Door Knobs, etc., from Blood and Sawdust.

Invented by Dr W H Dibble of New Jersey, Hemacite is a material made from sawdust and the blood of slaughtered animals. Primarily from cattle and pig, the blood and sawdust, combined with 40 thousand pounds per square inch of hydraulic pressure and chemical compounds, transformed into surprisingly durable and beautiful everyday items.

This composition was pre-plastic, and ideal for everything from doorknobs to roller skate wheels to products such as buttons, cash register keys and even jewelry. The composition of Hemacite was touted as susceptible to a high polish, impervious to heat, moisture, atmospheric changes, and practically indestructible.

An article “to skate manufacturers and dealers” in the New York Times, on 11 October 1885, stated that “the superiority of our Hemacite Roller over boxwood is now well known.” The success of the campaign spawned other articles like a 21 February 1903 Times ad by the Siegel Cooper department store, promoting 75-cent roller skates with Hemacite wheels, a more expensive option than skates with “plain black wheels.” Strangely enough, these adds were often juxtaposed with plugs for products like Plasmon Cocoa Mix- “A blood-invigorating and muscle-making beverage of the highest order.” Plasmon’s active ingredient was Albumen, the organic binding agent behind Hemacite roller skate wheels. Clever marketing or a dark sense of humor?!

At the time of the Manufacturer and Builder article, Dibble Manufacturing Company had been producing Hemacite architectural details and door knobs for quite some time. Rather than having a separate knob and shaft to wear out, Dibble’s knobs were molded as one unbreakable piece, and came with a guarantee for the lifetime of the door.

Due to its consistency, Hemacite is easy to confuse with Bakelite. Even cheaper to produce, the popularity of plastics like Bakelite almost entirely replaced the production of Hemacite by the early to mid-1900’s. Ever strong and durable, these house fixtures and doorknobs live on today- you can spot several in our nationally registered museum case at Hippo Hardware, and on occasion we will get a few in for sale. Talk about a real “conversation piece” to adorn your home!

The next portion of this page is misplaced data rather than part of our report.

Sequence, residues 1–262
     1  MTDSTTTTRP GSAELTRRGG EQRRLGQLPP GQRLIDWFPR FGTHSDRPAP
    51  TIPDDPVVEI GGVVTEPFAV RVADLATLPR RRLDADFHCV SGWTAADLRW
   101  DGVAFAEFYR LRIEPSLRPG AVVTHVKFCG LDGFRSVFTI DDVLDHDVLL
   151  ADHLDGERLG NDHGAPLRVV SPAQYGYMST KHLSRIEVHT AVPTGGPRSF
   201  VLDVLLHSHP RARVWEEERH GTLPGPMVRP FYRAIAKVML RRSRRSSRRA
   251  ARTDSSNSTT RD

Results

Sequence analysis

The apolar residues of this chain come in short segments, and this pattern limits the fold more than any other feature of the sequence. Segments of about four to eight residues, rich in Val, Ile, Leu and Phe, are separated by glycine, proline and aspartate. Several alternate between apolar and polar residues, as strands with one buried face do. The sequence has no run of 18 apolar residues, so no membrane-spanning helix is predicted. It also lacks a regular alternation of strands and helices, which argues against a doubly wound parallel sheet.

Hemacite doorknob in our collection for sale!


How to replace modern doorknobs with antique doorknobs

Posted on March 07, 2017 | 15 Comments

A commonly asked question here in Hippo land is "How do I put beautiful antique hardware on my modern doors?" To support antique hardware lovers everywhere, we'd like to offer you a step by step guide to replacing your unwanted modern hardware with stunning antiques!

What you'll need:

1) A tube latch with face plate and strike (1)

2) Door plates (2)

3) Doorknobs (2)


Step 1: Take off all your existing hardware.


We're assuming at this stage that you have something that looks kinda like this:

modern hardware in door

How to disassemble is different for most manufacturers. Usually you need to look for some kind of 'pin' or set screw in the shaft of the doorknob to start. Some have an actual screw, some have a thin wire that needs to be pressed down, and some have a small hole that needs to be depressed with a screw driver. Some of them are really not very obvious and you might need to google search some instructions based on your knobs.

At the end, you should have a naked door that looks like this:

(Note - it's more likely the large center hole does not have divet in the back. This will be of no importance either way)

Step 2: Install a Tube Latch

First we start with a reproduction tube latch. A new tube latch will get you all these parts: A tube latch body, a face plate, a plastic spacer, and a strike plate. The pin won't be needed! Antique tube latches are also great and normally have a face plate already integrated.

The bonus of the separate face plate is the plunger can rotate to either side before securing the face plate, allowing the door to swing either way. Some antique tube latches can also rotate the plunger, but usually require opening them up. It's a great thing to explore if you're adventurous- but be careful to not lose parts and take a picture of the guts before you start pulling things out!

Tube Latch